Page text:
THE WATCHER AT THE GATE by Gail Godwin I first realized I was not...

           I first realized I was not the only writer who had a restraining critic who lived inside me and sapped the juice from green inspirations when I was leafing through Freud's "Interpretation of Dreams" a few years ago.  Ironically, it was my "inner critic" who had sent me to Freud.  I was writing a novel, and my heroine was in the middle of a dream, and then I lost faith in my own invention and rushed to "an authority" to check whether she could have such a dream.  In the chapter on dream interpretation, I came upon the following passage that has helped me free myself, in some measure, from my critic and has led to many pleasant and interesting exchanges with other writers.
            Freud quotes Schiller, who is writing a letter to a friend.  The friend complains of his lack of creative power.  Schiller replies with an allegory.  He says it is not good if the intellect examines too closely the ideas pouring in at the gates.  "In isolation, an idea may be quite insignificant, and venturesome in the extreme, but it may acquire importance from an idea which follows it. . . . In the case of a creative mind, it seems to me, the intellect has withdrawn its watchers from the gates, and the ideas rush in pell-mell, and only then does it review and inspect the multitude.  You are ashamed or afraid of the momentary and passing madness which is found in all real creators, the longer or shorter duration of which distinguishes the thinking artist from the dreamer. . . . You reject too soon and discriminate too severely."
            So that's what I had:  a Watcher at the Gates.  I decided to get to know him better.  I discussed him with other writers, who told me some of the quirks and habits of their Watchers,each of whom was as individual as his host, and all of whom seemed passionately dedicated to one goal:  rejecting too soon and discriminating too severely.
            It is amazing the lengths a Watcher will go to keep you from pursuing the flow of your imagination.  Watchers are notorious pencil sharpeners, ribbon changes, plant waterers, home repairers and abhorrers of messy rooms or messy pages.  They are compulsive looker-uppers.  They are superstitious scaredy-cats.  They cultivate self-important eccentricities they think are suitable for "writers."  And they'd rather die (and kill your inspiration with them) than risk making a fool of themselves.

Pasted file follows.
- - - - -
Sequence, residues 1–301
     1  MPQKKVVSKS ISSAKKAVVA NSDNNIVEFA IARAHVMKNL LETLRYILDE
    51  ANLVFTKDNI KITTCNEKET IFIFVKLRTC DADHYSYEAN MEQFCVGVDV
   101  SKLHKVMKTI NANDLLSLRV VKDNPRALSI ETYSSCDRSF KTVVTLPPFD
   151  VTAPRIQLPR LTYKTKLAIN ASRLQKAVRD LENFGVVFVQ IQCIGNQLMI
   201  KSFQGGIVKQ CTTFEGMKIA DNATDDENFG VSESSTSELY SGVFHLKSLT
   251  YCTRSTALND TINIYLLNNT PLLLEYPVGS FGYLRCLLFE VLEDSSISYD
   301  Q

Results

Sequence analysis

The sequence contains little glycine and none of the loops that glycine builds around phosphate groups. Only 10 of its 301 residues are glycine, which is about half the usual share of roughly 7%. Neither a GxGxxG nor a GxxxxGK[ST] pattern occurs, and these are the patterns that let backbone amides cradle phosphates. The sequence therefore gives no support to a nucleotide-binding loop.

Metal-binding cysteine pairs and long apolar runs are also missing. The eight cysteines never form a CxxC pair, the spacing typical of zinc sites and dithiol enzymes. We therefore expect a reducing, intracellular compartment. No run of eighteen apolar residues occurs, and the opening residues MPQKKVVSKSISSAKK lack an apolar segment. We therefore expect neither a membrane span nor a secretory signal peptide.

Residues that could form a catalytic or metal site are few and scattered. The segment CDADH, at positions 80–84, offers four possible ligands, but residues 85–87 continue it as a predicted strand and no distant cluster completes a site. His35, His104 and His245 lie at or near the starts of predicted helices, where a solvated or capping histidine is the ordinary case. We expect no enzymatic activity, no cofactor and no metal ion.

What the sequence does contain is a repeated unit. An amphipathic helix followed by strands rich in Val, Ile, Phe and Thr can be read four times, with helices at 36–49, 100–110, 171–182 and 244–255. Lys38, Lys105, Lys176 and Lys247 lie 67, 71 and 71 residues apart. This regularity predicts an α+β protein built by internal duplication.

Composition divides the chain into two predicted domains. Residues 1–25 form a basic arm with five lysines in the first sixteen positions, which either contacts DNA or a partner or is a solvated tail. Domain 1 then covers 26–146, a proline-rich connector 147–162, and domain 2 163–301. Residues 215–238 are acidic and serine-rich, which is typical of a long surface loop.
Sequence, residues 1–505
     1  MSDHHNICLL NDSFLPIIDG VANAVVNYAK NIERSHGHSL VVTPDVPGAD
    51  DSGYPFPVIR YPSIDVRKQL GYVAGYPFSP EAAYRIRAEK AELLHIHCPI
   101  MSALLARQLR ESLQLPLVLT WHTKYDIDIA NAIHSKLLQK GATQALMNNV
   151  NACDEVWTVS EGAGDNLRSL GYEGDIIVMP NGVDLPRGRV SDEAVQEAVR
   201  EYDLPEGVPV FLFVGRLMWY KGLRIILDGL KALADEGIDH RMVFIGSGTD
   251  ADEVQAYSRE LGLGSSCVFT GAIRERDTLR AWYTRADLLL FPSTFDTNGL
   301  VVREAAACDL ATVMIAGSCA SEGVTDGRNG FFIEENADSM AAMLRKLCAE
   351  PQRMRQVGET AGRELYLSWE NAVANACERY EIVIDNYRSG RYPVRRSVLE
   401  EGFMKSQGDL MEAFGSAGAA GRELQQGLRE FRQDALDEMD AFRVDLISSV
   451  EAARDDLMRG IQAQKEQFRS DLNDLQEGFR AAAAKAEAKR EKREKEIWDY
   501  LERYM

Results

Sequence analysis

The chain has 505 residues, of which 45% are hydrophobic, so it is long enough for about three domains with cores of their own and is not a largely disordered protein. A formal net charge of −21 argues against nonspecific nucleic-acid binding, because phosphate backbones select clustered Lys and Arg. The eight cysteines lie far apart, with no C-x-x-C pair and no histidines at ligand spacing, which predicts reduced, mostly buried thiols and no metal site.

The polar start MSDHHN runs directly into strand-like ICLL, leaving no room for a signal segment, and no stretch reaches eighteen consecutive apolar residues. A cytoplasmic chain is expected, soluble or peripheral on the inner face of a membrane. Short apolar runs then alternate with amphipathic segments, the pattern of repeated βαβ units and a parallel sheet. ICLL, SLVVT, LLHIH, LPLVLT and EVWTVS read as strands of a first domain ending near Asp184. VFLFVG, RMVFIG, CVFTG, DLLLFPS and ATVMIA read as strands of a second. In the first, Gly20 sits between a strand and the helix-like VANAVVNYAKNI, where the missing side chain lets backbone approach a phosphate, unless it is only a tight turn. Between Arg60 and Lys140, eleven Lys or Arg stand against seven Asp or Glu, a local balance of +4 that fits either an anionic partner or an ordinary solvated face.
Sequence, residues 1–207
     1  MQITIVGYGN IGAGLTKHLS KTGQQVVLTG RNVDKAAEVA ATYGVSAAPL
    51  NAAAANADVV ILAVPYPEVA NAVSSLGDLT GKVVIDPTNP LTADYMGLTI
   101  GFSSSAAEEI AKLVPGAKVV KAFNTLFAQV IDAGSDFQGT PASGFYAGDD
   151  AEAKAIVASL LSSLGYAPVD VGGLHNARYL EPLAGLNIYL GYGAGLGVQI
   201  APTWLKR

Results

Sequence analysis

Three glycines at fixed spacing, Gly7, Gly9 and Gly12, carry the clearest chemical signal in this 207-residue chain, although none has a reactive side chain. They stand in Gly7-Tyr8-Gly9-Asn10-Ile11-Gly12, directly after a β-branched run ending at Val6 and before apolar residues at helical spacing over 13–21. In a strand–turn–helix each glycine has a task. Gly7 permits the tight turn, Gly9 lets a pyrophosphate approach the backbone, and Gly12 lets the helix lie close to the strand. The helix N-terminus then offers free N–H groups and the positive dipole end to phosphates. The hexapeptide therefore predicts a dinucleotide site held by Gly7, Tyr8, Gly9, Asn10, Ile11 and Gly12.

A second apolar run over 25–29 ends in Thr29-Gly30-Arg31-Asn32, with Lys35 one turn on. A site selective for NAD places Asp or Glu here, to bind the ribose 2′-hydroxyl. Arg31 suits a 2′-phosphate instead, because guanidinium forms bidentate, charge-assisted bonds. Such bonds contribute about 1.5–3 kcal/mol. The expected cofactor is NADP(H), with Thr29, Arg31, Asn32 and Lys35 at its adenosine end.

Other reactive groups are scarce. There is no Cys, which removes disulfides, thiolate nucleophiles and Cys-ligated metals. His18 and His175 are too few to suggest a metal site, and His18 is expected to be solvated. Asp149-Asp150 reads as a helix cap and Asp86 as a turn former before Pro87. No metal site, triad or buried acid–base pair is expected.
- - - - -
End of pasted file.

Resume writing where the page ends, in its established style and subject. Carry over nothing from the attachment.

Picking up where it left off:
My Watcher has a wasteful penchant for 20-pound bond paper above and below the carbon of the first draft.   "What's the good of writing out a whole page," he whispers begrudgingly, "if you just have to write it over again later?  Get it perfect the first time!"  MyWatcher adores stopping in the middle of a morning's work to drive down to the library to check on the name of a flower or a World War II battle or a line of metaphysical poetry.  "You can't possibly go on till you've got this right!" he admonishes.  I go and get the car keys.
             Other Watchers have informed their writers that:  

This 2-page analysis essay will be typed using Times New Roman 12 font and standard margins and double spaced. 
There are three main areas to focus on in your Analysis.


The introduction presents the relevance/importance of the work you have chosen, and may:
• Offer a brief background of the work, 
o Author(s) (birth/death/other briefs, interesting, relevant facts, as they pertain to the story)
o Name of work(s)
o Year(s) of publication/historical context
• Offer a brief summary of the entire work (no more than three sentences)
• Offer your thesis (the claim you are focusing on, the direction you are taking, the argument you are making—your topic + how it affects a person/people/humanity)

The body is the heart of the analysis, and will:
• Present examples from the text and discuss their meaning to illustrate and back up your thesis
• Explore larger themes in the work
• Examine historical/contextual meaning
• Analyze the work in terms of questions it poses / arguments it makes


The conclusion is where you can examine the work from a "big picture" point of view, so you should:
• Discuss what specifically makes the work powerful, in a larger context
• Discuss the work's larger place in society/culture
• Discuss what others can hope to take away from the work if they read it
Of course, your interest will spark your topic choice, and the introduction of the work, the development of the paper, and the conclusion you draw will be based upon your interpretation of the work.

Answer & Explanation
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